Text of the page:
Moving Beyond Your Expectations of Success
with Evan Carmichael
with guest Evan Carmichael #MakingBank S5E23
In business, it might seem like the bar of success keeps getting higher and higher with the latest and greatest companies constantly creating new things. It’s hard not to measure yourself – and your dreams and ideas – to these remarkable competitors. They’re a good way to motivate yourself but expecting to be like them is where entrepreneurs start going wrong.
Our recent guest on Making Bank, Evan Carmichael, knows a lot about the struggle of expectations and finding your passions. At the age of 19, Evan sold a biotech software company. Since then, he turned into a successful venture capitalist, and now writes books and runs a YouTube Channel to help entrepreneurs.
Learn about how you can deal with expectations and growth, along with Evan’s process of finding out what you’re supposed to be doing!
Expectations of Success
“And I think is where a lot of people struggle. You expect to be perfect. You know what the challenge is, you know what good looks like.”
It’s hard when you’re in a business that already has an example of success. You want to benchmark your progress against what is already working, and what has already been done because you know it works. This sets people up for an impossible standard, cutting themselves short before they even can begin.
When you can’t replicate something as natural as others, you immediately think that you’re failing at it. This is where originality comes into play in entrepreneurship and keeping up with creating things. You make your own goals and methods that work for you, then you won’t have to compare what you’re doing to other standards. It’s easy to stop and quit after you can’t recreate something great.
And even if you create something you think is great and you look back on it and think that it sucks, that’s okay too. “And so it’s more about expecting to suck at the beginning and paying attention to the progress that you’re making.”
The more that you do something, the better that you’re going to become. It’s putting trust into an idea and believing that you’ve got the capabilities and skills to make it successful. Getting past the suck, moving forward, and developing the business and your skills ultimately play into meeting your end goals.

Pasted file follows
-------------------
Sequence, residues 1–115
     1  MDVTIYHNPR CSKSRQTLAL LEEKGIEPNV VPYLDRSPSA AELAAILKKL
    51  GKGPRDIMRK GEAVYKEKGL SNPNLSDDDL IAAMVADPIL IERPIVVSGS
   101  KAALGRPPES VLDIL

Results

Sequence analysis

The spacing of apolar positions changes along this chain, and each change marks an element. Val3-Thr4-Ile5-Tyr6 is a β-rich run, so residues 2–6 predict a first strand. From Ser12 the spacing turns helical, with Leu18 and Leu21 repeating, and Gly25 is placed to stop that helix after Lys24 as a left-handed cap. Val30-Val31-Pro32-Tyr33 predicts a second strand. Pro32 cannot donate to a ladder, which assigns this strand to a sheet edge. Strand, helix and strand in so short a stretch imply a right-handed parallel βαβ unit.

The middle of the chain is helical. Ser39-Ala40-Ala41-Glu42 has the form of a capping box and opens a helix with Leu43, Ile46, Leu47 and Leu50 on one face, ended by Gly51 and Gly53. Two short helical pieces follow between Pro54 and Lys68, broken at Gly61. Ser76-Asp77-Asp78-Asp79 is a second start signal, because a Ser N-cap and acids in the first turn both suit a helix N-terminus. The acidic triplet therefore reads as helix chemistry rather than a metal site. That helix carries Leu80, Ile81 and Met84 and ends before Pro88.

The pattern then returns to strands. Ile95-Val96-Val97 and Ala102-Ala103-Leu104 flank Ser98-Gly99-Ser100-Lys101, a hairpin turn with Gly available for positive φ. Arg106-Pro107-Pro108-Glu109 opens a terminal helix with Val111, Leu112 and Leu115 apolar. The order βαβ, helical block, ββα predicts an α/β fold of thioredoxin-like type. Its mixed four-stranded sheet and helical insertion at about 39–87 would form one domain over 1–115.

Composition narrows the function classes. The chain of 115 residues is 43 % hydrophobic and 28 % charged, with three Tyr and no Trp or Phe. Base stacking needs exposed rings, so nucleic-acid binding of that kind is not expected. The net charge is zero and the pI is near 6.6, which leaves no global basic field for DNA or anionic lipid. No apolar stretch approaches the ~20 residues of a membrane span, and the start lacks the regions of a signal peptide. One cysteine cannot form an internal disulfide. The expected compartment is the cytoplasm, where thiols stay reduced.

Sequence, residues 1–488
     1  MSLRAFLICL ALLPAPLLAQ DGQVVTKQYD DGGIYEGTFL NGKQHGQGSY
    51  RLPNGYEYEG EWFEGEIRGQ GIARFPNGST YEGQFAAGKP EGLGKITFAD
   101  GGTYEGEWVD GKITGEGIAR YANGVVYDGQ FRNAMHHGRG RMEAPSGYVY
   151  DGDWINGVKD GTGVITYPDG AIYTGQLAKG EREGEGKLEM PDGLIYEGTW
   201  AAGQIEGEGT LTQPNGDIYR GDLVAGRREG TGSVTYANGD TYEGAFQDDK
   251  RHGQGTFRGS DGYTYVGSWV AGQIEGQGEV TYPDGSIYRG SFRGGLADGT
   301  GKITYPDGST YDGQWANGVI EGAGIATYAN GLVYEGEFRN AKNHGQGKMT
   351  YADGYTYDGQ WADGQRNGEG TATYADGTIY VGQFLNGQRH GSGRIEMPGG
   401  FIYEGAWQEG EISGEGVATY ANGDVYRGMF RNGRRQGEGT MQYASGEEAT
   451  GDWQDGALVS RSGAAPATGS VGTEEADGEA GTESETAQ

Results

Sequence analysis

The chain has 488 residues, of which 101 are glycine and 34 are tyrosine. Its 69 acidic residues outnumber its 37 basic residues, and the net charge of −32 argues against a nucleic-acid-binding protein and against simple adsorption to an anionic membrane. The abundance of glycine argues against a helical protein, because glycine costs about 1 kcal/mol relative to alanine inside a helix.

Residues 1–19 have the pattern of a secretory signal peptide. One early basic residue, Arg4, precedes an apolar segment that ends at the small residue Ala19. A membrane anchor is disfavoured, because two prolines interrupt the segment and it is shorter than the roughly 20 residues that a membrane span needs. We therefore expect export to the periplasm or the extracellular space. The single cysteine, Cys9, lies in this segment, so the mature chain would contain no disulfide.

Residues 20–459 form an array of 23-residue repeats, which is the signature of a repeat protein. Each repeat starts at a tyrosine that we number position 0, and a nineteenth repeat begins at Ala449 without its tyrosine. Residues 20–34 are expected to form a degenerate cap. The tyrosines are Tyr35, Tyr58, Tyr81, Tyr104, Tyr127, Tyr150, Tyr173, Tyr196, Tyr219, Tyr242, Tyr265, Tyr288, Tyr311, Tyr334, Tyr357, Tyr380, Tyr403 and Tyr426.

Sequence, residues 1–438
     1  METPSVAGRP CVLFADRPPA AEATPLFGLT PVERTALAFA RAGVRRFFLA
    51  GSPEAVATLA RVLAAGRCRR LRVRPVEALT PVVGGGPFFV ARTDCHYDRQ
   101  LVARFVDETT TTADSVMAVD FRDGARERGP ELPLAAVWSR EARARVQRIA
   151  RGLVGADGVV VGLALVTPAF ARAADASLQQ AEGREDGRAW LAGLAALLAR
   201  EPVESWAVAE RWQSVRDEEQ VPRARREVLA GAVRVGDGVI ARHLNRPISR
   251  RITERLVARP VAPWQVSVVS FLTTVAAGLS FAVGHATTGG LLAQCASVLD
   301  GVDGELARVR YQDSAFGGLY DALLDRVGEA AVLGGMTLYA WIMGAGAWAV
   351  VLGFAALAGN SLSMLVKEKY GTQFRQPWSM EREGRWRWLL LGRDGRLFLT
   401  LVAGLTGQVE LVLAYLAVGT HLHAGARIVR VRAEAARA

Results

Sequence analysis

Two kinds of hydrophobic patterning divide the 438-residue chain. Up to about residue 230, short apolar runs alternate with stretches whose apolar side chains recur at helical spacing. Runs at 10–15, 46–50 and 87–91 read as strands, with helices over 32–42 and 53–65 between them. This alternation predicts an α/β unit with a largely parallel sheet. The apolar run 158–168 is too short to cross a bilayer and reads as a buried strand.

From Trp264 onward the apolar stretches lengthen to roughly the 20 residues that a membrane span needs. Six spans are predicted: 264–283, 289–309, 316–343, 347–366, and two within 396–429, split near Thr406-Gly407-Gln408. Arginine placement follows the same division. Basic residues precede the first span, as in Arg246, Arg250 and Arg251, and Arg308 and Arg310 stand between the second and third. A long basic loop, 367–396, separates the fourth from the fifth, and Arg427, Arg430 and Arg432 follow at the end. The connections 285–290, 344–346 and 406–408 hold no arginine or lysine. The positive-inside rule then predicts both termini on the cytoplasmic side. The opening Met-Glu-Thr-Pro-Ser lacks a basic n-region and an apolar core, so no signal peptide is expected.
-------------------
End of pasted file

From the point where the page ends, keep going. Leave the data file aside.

“The only difference is I just kept going where a lot of people quit too soon. And I just want to give people their permission to suck at the beginning and just suck a little bit less every day. And eventually, you’re taken off.”
Finding What You’re Supposed to Be Doing
The number one question that Evan got when he was touring was “how do I find my purpose?” And after going from city to city and talking with different people, he realized that the question wasn’t as hard as everyone made it out to be.
“You don’t have to go sit on a mountain for ten years meditating to figure out what you’re meant to do. There’s a process. It’s a three-step process.” Evan found out that there are three main components in finding out what you’re supposed to be doing, along with how to keep staying on the right path.
The first part of this process is finding out what you’ve built to serve. Evan says that everyone is built to bring something to the world, to bring to people. You have to wake up every day and believe that what you’re doing is important to the world and to the people that you’re producing for. You’re creating things that go just beyond you, which helps motivate and inspire you as you continue to create.
Next is your why. This is your purpose. Evan says this comes from your pain. Whatever you struggled with the most, that built you into the person you are today. You grow from your failures. Being able to recognize your lowest points and how to move on from them is vital when determining what you’re meant to do.
“When did you feel like a loser and you have no self-worth, you just feel like a total reject of life that moment. And we’ve all had it. Your purpose is to help other people who currently are like that because there are millions of people right now who are like you from five years ago and you can help them, and you can help them.”
The last thing in the process is to keep growing. If you stop yourself short, you’re cutting off the potential reach that you can gain by creating more. You’re going to constantly evolve, and that will not only just show up in your creative business life, but who you are as a person every day.
“We’re never done growing. We never have all the answers, but every time you step up and grow, you can pull somebody else up to the step that you’re on and that will fill you up for the rest of your life.”